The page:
Psychotherapy and Medication in the Treatment of Adult and Geriatric Depression: Which Monotherapy or Combined Treatment?
J Clin Psychiatry 2005;66(4):455-468
© Copyright 2015 Physicians Postgraduate Press, Inc.
Purchase This PDF for $40.00
If you are not a paid subscriber, you may purchase the PDF.
(You'll need the free Adobe Acrobat Reader.)
Receive immediate full-text access to JCP. You can subscribe to JCP online-only ($86) or print + online ($156 individual).
With your subscription, receive a free PDF collection of the NCDEU Festschrift articles. Hurry! This offer ends December 31, 2011.
If you are a paid subscriber to JCP and do not yet have a username and password, activate your subscription now.
As a paid subscriber who has activated your subscription, you have access to the HTML and PDF versions of this item.
Click here to login.
Did you forget your password?
Still can't log in? Contact the Circulation Department at 1-800-489-1001 x4 or send email
Objective: The authors reviewed the literature
with respect to the relative efficacy of medications and
psychotherapy alone and in combination in the treatment of
Data Sources and Study Selection: Findings
from empirical studies comparing medications
and psychotherapy alone and in combination
were synthesized and prognostic and prescriptive
indices identified. We searched both MEDLINE
and PsychINFO for items published from January
1980 to October 2004 using the following terms:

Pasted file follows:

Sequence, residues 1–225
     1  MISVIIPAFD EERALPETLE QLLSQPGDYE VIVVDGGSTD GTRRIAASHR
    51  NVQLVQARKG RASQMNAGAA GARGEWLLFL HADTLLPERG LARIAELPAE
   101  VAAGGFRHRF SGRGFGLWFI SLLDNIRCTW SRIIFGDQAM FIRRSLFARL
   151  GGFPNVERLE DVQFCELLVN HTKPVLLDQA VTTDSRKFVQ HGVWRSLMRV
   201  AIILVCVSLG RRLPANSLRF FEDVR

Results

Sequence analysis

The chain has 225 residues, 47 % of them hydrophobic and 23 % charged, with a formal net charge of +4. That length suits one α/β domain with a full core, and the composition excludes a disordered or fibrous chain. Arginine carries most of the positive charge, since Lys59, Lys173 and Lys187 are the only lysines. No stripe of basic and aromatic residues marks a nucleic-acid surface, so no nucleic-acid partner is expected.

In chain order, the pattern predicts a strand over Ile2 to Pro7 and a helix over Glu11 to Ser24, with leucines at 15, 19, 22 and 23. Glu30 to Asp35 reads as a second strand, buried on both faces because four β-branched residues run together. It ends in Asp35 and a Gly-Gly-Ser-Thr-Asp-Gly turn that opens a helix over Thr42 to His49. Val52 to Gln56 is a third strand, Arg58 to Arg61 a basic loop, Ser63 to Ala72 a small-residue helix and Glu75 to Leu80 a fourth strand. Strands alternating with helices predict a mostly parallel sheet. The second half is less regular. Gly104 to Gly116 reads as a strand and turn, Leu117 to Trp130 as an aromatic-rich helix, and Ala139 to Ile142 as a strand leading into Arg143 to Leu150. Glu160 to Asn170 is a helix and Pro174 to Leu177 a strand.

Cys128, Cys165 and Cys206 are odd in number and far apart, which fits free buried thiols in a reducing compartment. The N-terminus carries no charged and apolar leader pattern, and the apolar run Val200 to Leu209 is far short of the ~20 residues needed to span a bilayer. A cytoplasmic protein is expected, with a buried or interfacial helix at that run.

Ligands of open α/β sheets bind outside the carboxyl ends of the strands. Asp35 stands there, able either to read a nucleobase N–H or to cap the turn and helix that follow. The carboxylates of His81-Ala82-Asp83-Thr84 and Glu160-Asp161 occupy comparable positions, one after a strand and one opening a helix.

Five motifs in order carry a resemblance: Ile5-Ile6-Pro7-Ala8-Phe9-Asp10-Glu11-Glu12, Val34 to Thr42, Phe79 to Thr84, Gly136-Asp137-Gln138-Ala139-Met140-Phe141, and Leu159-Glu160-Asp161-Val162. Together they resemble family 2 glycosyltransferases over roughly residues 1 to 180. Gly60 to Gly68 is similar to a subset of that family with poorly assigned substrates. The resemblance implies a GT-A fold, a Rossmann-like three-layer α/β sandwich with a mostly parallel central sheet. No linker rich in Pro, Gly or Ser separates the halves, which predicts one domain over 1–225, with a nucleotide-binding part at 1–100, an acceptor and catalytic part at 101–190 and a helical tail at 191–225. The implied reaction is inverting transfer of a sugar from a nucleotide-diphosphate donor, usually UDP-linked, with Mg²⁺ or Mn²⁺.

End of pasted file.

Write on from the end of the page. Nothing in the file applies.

treatment of depression, psychotherapy and depression,
and pharmacotherapy and depression.
Studies were selected that randomly assigned depressed
patients to combined treatment versus
Data Synthesis: Medication typically has a
rapid and robust effect and can prevent symptom
return so long as it is continued or maintained,
but does little to reduce risk once its use is terminated.
Both interpersonal psychotherapy (IPT)
and cognitive-behavioral therapy (CBT) can be
as effective as medications in the acute treatment
of depressed outpatients. Interpersonal psychotherapy
may improve interpersonal functioning,
whereas CBT appears to have an enduring effect
that reduces subsequent risk following treatment
termination. Ongoing treatment with either IPT
or CBT appears to further reduce risk. Treatment
with the combination of medication and IPT or
CBT retains the specific benefits of each and may
enhance the probability of response over either
monotherapy, especially in chronic depressions.
Conclusion: Both medication and certain
targeted psychotherapies appear to be effective
in the treatment of depression. Although several
prognostic indices have been identified that predict
need for longer or more intensive treatment,
few prescriptive indices have yet been established
to select among the different treatments. Combined
treatment can improve response with selected
patients and enhance its breadth (IPT)
or stability (CBT).